It’s Memorial Day weekend, the official (unofficial?) start to summer.  If you’re like us, there’s a pretty good chance you’re going to be grilling and barbecuing more than a few times over the next few months.  Of course you know the difference…right?

I’ll admit, I had to learn the hard way.   Growing up in New Jersey, I always referred to any situation where meat was being cooked outside as a barbecuing.  Burgers, hot dogs, whatever…if it was being cooked over propane or coals, you were barbecuing.

But step outside the northeast, and you’re likely to be met with funny looks if you talk about barbecuing a burger.  Barbecue is low-and-slow cooking that involves smoke, low temperatures and tough cuts of meat that combine to form something magically delicious.  And although you can call any old cookout a barbecue, you can’t call just any cooked meat barbecue.

Need more insight into the different styles of barbecue?  Check out this video that Tim Carman dug up over at the City Paper.

Now that we’ve established the difference between grilling and barbecue, I wanted to share a recipe for homemade barbecue sauce that I used for a community potluck earlier this month.  When word got out that I’ve got some experience with barbecue, I was asked to smoke some up for our new neighborhood.  So I cooked up forty pounds of pork shoulder in a neighbor’s bullet-style smoker, and I decided to go one step further and cook up my own barbecue sauce to go with it.

A while back, I found a barbecue sauce recipe at, a site I’ve used on a couple of occasions as I’ve learned the ins and outs of good homemade ‘cue.  I tried it and found it tasty but not quite what I’d grown accustomed to as I’ve tasted my way around Kansas City.  There were a few flavors that seemed to be missing, most notably tomato, celery seed and cumin.

So I worked with it a bit and came up with the version you can find after the jump. (more…)

If you’ve got a special someone to impress, Valentine’s Day really does take things to a whole new level.  Sure, we all talk a good game about what a made-up, commercialized holiday it is, and how we really don’t even understand what all the fuss is about in the first place.  But even couples who make a pact to ignore the day are loath to tempt the fates and skip the romance altogether.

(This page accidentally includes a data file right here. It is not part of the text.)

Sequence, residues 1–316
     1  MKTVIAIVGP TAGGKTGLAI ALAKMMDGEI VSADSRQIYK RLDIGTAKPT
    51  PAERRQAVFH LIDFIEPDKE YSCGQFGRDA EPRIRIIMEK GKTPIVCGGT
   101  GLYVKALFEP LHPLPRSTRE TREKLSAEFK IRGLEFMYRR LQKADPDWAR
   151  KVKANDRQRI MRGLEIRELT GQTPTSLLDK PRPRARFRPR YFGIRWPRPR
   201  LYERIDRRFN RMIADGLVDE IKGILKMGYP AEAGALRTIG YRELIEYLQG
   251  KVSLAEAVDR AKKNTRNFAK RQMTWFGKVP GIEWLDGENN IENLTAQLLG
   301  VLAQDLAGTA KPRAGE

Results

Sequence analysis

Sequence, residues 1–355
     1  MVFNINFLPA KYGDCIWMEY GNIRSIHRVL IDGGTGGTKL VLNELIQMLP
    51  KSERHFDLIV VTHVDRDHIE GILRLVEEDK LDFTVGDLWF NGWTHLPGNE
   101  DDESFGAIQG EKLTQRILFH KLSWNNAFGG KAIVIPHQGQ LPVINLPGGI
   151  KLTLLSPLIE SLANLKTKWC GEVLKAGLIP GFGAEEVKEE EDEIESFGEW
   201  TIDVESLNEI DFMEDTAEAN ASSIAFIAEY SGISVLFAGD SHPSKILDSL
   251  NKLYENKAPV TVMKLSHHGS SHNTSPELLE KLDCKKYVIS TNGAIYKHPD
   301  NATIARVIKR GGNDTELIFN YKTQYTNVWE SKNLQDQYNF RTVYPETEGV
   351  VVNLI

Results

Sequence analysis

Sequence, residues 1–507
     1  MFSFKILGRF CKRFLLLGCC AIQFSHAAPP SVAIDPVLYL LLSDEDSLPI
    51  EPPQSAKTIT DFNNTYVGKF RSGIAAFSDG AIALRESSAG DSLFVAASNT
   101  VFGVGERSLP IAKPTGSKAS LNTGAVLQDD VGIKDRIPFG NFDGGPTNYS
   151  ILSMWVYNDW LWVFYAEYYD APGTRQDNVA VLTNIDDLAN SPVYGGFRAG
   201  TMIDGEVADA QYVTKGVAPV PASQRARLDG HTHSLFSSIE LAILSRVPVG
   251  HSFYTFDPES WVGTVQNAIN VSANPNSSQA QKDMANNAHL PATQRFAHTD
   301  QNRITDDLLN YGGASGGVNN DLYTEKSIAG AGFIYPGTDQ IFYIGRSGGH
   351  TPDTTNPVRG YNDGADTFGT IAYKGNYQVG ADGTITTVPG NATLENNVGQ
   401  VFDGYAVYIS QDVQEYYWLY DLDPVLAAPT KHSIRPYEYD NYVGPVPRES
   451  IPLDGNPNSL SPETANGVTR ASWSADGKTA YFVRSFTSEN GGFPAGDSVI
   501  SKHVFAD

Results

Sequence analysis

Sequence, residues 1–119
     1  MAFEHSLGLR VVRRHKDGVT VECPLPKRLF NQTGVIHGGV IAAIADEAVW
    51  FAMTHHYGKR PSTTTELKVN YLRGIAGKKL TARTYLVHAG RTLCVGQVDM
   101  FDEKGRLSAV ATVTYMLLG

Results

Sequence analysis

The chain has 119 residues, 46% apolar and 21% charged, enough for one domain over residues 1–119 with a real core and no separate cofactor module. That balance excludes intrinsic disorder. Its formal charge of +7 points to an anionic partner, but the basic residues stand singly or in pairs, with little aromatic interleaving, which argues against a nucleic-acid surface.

Seems like a perfect opportunity to celebrate with a nice meal, right?  Unfortunately, Valentine’s Day ranks right up there with New Year’s Eve on the Capital Spice “worst times to dine out” list.  Prix fixe menus (often at inflated prices), crowds of diners and a general lack of inventiveness mean your meal is unlikely to deliver the romantic message you wanted it to.

A better – if not always safer – option is to take what you know about your Valentine’s likes and translate them into a home-cooked meal.  This year , I took the chance to cook up a three-course dinner for Elizabeth, with the goal of putting together a restaurant-quality meal in our new kitchen.

Along the way, I came across a couple of recipes that are likely to make future appearances in my cooking repertoire – a bright, citrus salad from Jose Andres, a savory duck breast/pear combination and a pie that would bring tears to Mrs. Fields’ eyes.

Colors, flavors and peanut butter cookie pie after the jump.


Whether you’re calling it Snowpocalypse, Snowmageddon, or just tweeting about it with #snOMG, there’s some no-joke snow coming down outside in Washington.  If you’re planning to drive anywhere…don’t.  Mike just helped push a cop car out of drifted snow in our alley.

If you can walk to your nearest coffee shop, kitchen goods store or watering hole, DO IT (just be smart and call ahead to make sure they’re open).  As the police were getting ready to take off, they even asked “So…you guys drinking yet?”

We may not be drinking yet, but we did take a walk down to Eastern Market with Capital Spice mascot Murphy.  He loves to bound through waist-high snowdrifts, but the accumulation is getting to be a bit much even for him this time around.

When we came home, our neighbors had a real treat for us – an old family recipe for something called “Snow Cream.”  We’d never heard of snow cream before, but the bowl that was handed to us looked delicious and we were eager to dig in.  We took it upstairs and broke out some spoons.

Snow cream, in case you haven’t figured it out yet, is an ice cream-like dessert made from freshly fallen snow.  It uses all the old familiar ingredients – milk (or cream), sugar, vanilla and egg.  In Broadway Beth’s case, the recipe comes from her Southern great-grandmother, but I’m sure there are families all over the country with their own versions of the treat.

According to tradition, you shouldn’t make snow cream from the first snowfall of the year (that’s when all the pollutants come down, dontchaknow?).  Thank goodness we had snow last weekend – even if it didn’t amount to anything – because we’ve got plenty of raw materials to work with today!